Rance surprised everyone on the set one day by bending the child star over his knee and administering a spanking. It happened only once.
“I don’t really remember what I was doing,” Ron told me. “But I knew the director, Bob Sweeney, had talked to me about trying to concentrate a little bit more. I was getting a little relaxed and probably acting up. I remember pretty well that I was testing something there. It was startling as hell, and of course I cried.”
The whole set grew quiet. As Ronny took in the surreal scene, his father made a little speech worthy of a Griffith script, recounted in the book Mayberry Memories. “Anywhere you are -- I don’t care who’s watching,” Rance said. “I don’t care what’s going on. I have only one job and that’s to be your father and that’s to teach you right from wrong. And nothing about that job embarrasses me.”
Jim Nabors died today on his macadamia plantation in Hawaii. Here, in adapted form, is some of what I wrote about him in Andy and Don.
The Horn was an artifact of authentic Hollywood: A Santa Monica music hall owned by the vocal coach from 20th Century Fox; the sort of place, Andy Griffith once told Larry King, where "you could go in . . . and order a cup of coffee and stay from 9 till 2 and never see the same act twice.” The room attracted big stars, studio insiders and brash newcomers like James Thurston Nabors.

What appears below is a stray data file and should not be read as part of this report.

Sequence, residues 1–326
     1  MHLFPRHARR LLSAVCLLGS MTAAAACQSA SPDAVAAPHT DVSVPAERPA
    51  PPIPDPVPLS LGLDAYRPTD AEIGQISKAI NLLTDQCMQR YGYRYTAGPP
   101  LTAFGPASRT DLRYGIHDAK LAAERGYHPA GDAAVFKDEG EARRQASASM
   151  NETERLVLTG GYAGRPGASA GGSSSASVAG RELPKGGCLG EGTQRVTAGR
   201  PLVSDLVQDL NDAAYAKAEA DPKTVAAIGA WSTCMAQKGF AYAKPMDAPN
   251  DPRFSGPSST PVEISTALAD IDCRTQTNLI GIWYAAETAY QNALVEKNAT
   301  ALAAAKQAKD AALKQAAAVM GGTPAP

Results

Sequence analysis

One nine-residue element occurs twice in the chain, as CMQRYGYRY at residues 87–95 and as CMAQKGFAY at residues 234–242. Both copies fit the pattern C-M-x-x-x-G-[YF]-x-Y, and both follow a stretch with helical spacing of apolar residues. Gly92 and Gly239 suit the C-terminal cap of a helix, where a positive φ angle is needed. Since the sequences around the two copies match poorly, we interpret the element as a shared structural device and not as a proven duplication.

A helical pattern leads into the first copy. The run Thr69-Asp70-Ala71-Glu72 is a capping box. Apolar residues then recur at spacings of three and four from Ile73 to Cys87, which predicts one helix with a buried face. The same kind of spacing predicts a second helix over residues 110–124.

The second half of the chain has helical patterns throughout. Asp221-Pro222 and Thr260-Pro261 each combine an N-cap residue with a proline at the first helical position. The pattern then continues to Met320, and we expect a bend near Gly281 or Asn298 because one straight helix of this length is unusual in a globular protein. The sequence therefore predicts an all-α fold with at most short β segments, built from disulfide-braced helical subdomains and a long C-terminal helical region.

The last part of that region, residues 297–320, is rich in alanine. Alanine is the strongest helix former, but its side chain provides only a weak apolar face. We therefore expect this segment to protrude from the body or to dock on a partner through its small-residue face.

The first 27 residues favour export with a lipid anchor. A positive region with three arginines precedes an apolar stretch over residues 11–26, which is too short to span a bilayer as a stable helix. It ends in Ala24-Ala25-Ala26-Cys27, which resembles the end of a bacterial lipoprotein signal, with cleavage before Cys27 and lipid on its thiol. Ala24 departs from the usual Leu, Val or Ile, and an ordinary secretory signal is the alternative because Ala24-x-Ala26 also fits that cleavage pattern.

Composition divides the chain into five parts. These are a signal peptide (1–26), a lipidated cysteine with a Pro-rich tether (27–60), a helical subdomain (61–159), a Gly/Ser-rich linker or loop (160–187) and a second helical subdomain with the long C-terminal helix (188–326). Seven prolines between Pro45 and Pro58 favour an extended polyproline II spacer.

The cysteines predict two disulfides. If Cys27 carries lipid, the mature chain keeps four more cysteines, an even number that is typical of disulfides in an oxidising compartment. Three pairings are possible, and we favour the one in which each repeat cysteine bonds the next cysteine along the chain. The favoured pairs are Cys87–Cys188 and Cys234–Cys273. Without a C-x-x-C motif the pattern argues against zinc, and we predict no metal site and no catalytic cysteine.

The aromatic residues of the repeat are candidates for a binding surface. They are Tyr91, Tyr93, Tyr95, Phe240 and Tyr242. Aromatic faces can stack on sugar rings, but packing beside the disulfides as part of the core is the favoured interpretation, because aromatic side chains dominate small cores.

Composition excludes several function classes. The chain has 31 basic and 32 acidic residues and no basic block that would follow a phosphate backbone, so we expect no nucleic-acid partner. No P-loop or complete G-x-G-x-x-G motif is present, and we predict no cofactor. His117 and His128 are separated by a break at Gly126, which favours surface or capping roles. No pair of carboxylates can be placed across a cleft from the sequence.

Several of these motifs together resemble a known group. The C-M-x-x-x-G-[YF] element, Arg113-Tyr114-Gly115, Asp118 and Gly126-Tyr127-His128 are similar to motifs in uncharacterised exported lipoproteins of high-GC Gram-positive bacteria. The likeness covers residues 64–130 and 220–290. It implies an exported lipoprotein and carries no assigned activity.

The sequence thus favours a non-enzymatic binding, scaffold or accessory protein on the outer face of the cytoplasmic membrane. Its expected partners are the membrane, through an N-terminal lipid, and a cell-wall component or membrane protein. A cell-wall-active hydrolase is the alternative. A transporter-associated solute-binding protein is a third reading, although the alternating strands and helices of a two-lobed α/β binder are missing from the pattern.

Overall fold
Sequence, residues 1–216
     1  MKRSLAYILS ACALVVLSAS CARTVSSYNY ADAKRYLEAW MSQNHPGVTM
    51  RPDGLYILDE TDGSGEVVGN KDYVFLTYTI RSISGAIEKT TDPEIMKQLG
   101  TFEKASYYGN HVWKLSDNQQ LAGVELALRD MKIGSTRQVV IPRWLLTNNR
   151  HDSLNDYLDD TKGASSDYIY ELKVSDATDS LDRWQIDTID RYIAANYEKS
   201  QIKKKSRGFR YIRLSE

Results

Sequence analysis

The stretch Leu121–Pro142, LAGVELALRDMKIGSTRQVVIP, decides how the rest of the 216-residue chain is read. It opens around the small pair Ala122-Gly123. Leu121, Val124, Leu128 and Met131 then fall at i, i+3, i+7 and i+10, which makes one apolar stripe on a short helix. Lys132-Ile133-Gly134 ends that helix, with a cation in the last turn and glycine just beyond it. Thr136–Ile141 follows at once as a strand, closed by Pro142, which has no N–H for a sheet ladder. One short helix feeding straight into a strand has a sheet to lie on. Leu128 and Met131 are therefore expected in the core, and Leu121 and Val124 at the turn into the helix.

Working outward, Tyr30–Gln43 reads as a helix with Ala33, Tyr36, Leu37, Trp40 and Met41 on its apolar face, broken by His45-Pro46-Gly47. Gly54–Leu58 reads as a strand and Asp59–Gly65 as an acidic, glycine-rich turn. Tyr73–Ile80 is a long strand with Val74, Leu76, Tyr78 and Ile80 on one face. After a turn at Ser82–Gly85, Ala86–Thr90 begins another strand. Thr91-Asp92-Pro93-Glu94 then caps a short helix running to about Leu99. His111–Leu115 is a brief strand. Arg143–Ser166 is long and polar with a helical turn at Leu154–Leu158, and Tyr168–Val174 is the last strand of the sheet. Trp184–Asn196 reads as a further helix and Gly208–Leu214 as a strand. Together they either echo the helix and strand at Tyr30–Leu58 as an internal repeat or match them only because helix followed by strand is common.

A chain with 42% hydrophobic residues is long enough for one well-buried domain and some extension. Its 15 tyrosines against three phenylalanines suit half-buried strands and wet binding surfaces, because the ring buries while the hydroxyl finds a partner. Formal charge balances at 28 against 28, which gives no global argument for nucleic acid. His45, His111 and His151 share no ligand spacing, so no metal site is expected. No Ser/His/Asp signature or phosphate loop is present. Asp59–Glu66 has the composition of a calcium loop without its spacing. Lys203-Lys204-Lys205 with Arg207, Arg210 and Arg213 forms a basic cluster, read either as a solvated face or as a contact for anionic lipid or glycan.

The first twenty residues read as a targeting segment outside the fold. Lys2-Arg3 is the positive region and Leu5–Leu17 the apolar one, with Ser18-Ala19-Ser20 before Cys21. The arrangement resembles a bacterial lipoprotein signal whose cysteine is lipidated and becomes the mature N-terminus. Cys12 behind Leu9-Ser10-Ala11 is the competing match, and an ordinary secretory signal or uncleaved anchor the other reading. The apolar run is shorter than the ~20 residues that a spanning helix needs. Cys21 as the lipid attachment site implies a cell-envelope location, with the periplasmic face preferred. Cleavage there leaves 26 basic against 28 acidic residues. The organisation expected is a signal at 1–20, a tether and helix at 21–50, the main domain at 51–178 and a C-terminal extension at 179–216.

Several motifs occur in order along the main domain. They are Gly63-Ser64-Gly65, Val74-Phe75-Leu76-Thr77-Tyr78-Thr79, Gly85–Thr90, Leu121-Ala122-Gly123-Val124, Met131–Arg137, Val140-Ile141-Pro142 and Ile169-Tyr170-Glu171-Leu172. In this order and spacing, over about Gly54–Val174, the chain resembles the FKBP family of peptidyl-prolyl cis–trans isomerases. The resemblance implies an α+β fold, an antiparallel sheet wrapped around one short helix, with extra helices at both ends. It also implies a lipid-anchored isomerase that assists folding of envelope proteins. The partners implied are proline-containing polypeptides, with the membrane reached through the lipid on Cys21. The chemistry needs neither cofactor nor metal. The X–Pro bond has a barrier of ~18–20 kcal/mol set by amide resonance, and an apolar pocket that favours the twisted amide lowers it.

Born on June 12, 1930 in Sylacauga, Alabama, Jim Nabors grew up singing in glee club and church choir. His father was a cop. His mother worked seven days a week at a truck stop. She also played the piano by ear, a talent she bequeathed to Jim.
“I didn’t realize I had a kind of legitimate voice until I started doing it,” Jim recalled. “I never had a vocal lesson. I was gifted with a very good ear; I could emulate sounds.”
Jim joined Delta Tau Delta fraternity at the University of Alabama and began writing skits to perform at frat parties, mostly song parodies, not unlike the act Andy Griffith had assembled at the University of North Carolina a few years earlier. Jim graduated with a business degree and moved to Los Angeles in hope that the warm, dry weather might ease his asthma. He got a job at NBC, stacking film in the warehouse and making deliveries. He was eventually promoted to film cutter.
One night, Jim showed up at The Horn. He watched Fred MacMurray leap up with his wife, retired glamour girl June Haver, and take the stage to play the saxophone while June sang. “I thought to myself, ‘Wow, this is the real Hollywood,’” Jim recalled.